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Farmers need payment reprieve too, Agbiz urges banks

Farmers work on a field outside Lichtenburg in North West. File Picture: REUTERS/SIPHIWE SIBEKO
Farmers work on a field outside Lichtenburg in North West. File Picture: REUTERS/SIPHIWE SIBEKO

The Agricultural Business Chamber (Agbiz) has urged banks to extend the measures they have taken to support small and medium-sized enterprises (SMEs) to farmers, considering the crucial role they play in the local  economy.

As the coronavirus continues to wreak economic havoc across the globe, banks in SA have been urged to consider extending payment holidays to the farming sector as it fights to ensure food security. At the weekend, Standard Bank announced a 90-day loan repayment holiday for SMEs as part of measures to stem the Covid-19 economic fallout.

The coronavirus has left the global economy reeling and stocks plummeting amid fears of a jobs bloodbath. The pandemic has also led to a decline in Asia’s agriculture demand and falling agricultural commodity prices. SA’s agriculture is export-orientated, with exports of roughly $10bn in 2019. China, with 8% of global agricultural imports, is the second-biggest importer in the world.

Wandile Sihlobo, head of agribusiness research at Agbiz, said that SA’s farming sector was heavily in debt.

Agbiz is an influential association of agribusinesses operating in SA and Southern Africa. Among other strategic goals, it aims to influence the policy and legislative environment insofar as it affects agribusiness.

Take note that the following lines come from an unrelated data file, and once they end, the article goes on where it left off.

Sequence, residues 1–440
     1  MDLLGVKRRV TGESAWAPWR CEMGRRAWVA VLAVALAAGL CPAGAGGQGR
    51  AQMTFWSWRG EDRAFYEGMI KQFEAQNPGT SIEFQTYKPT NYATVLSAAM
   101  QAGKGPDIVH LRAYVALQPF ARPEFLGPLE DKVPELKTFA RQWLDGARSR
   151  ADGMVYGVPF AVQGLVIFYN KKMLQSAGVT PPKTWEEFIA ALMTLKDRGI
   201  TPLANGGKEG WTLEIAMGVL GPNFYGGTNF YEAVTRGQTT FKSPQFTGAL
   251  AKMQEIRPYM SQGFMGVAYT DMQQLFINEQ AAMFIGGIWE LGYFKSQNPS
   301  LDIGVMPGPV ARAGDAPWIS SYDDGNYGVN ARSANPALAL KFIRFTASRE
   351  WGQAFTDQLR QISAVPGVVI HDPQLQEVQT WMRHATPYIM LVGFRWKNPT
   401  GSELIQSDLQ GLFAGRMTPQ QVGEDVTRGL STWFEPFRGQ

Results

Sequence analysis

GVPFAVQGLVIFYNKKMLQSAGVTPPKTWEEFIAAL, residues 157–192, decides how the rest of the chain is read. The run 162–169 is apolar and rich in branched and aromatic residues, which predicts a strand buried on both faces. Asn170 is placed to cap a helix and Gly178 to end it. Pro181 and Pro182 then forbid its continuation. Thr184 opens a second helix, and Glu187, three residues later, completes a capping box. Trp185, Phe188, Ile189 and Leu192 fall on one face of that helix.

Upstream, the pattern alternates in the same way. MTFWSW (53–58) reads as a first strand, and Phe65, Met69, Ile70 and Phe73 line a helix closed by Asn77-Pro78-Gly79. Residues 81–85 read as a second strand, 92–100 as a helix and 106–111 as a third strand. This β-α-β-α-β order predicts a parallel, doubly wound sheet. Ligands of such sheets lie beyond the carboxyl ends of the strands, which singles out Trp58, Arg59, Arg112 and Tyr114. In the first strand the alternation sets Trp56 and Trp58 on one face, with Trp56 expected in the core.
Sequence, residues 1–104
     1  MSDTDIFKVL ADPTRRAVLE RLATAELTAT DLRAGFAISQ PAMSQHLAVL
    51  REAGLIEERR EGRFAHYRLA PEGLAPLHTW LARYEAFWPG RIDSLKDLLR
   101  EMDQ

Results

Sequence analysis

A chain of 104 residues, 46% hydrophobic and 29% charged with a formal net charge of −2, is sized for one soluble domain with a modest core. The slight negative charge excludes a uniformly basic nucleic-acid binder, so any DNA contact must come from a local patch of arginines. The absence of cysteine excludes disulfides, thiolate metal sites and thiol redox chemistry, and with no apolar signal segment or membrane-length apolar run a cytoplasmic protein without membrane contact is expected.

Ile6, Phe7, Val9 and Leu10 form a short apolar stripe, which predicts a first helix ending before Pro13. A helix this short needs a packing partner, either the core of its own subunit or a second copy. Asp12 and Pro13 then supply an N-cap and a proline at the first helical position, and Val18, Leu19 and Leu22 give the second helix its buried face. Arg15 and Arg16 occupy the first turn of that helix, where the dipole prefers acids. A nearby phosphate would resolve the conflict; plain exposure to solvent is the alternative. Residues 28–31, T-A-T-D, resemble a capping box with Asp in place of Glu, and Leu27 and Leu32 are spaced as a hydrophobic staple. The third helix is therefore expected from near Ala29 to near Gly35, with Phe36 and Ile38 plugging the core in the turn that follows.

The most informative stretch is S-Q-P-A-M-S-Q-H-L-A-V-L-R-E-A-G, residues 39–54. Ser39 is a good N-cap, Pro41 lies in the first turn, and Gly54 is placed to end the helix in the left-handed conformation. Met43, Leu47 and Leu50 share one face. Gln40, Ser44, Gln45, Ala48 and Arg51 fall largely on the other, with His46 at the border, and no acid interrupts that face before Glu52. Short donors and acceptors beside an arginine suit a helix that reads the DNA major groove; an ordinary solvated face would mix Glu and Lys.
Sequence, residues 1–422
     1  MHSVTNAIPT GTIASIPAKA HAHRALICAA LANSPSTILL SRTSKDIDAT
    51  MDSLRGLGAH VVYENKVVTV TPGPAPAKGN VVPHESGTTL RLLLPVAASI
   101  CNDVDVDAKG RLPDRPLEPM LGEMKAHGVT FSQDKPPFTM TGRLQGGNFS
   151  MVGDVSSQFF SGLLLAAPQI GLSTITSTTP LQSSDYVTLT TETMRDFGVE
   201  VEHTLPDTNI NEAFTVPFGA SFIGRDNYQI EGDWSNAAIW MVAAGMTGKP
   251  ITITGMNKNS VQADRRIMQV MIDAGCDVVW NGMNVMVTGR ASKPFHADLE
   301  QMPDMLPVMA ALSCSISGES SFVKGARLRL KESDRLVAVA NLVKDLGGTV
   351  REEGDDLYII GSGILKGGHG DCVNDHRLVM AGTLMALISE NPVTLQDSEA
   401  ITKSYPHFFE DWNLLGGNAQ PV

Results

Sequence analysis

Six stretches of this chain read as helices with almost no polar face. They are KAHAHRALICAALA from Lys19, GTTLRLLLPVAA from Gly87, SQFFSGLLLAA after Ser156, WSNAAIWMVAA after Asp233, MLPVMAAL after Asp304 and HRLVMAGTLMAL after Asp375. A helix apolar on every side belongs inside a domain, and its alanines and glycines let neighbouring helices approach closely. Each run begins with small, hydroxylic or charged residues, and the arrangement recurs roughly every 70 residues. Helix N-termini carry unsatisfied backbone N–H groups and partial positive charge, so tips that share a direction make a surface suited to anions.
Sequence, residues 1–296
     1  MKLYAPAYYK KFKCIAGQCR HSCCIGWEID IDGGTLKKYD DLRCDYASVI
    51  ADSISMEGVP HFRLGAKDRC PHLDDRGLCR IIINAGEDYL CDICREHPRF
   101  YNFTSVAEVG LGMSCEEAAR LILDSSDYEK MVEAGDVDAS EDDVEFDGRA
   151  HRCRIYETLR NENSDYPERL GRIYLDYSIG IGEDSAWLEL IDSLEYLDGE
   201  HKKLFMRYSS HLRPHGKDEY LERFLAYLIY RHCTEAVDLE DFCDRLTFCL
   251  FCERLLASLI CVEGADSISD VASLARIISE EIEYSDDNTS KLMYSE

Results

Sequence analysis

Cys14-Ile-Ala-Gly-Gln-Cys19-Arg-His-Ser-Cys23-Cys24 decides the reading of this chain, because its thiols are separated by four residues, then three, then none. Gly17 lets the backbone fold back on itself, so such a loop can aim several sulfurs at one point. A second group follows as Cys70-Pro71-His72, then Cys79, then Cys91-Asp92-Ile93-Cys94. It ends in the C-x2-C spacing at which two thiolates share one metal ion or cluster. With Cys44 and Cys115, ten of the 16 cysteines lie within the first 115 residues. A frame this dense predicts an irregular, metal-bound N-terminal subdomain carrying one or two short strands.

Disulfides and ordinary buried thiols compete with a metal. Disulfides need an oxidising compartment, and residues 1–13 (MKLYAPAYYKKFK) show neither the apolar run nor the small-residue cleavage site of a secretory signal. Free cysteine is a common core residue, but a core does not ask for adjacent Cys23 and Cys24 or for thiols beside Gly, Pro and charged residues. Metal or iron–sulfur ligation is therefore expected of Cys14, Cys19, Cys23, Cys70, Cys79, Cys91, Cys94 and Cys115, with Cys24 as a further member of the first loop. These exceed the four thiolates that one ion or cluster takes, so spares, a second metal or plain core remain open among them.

As of 2018, total farm debt was at a record R168bn. About 60% of the debt was with commercial banks, 29% with the Land Bank and the rest spread among agricultural co-operatives, person-to-person loans and other institutions.

Sihlobo said the escalation of debt, particularly in more recent years, was both because of expansion of the area farmed, specifically in horticulture, and to some extent because of financial pressure brought by frequent drought which has limited agricultural output on various farms. 

“The financial impact of Covid-19 will vary across agricultural subsectors, depending on the debt overhang from the previous seasons and also the stage of production,” Sihlobo said.

“For example, the deciduous fruit and table grapes exports might not be badly hit as most exports have already been processed by this time of the year. Meanwhile, in the case of citrus, the harvest and exports have recently started. While so far there haven’t been glitches, a lot depends on the measures the European countries place in terms of commerce amid Covid-19 intensification in that region. From a local market perspective, as long as food retailers are operating, there should be a flow of products to market.”

Sihlobo highlighted that some farming subsectors would be badly affected by the pandemic. “Some agricultural industries’ performance is interlinked to some sectors which are hard hit by Covid-19. A case in point is the wine industry, whose performance is somewhat influenced by tourism. The decline in tourism will hurt this sector.

“The ... pandemic comes at a time when wine grapes production had started to recover following seasons of drought. This essentially means the SA wine industry could be hampered by both the potential decline in demand locally and the global market, specifically in Europe, which is now the epicentre of the Covid-19 pandemic.”

Sihlobo said overall, while lower agricultural commodity prices are favourable for consumers, the opposite is true for farmers.

“Under such a scenario, the question is whether farmers will be able to have sufficient revenue to service their debts. Admittedly, there are still a lot of unknowns about how the Covid-19 pandemic will play out and the various levels of indebtedness among farmers, but a proactive policy response could help prevent financial ruin for farmers, particularly those of a small to medium-sized scale.”


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